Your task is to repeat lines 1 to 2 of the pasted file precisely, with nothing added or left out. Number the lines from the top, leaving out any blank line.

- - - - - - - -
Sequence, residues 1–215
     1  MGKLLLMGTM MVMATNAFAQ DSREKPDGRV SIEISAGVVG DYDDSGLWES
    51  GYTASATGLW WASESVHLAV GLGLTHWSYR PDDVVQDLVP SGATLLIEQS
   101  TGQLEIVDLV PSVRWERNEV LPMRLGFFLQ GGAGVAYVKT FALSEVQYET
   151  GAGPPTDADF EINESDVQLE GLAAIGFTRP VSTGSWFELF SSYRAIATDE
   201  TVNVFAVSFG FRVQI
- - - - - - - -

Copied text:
Sequence, residues 1–215
     1  MGKLLLMGTM MVMATNAFAQ DSREKPDGRV SIEISAGVVG DYDDSGLWES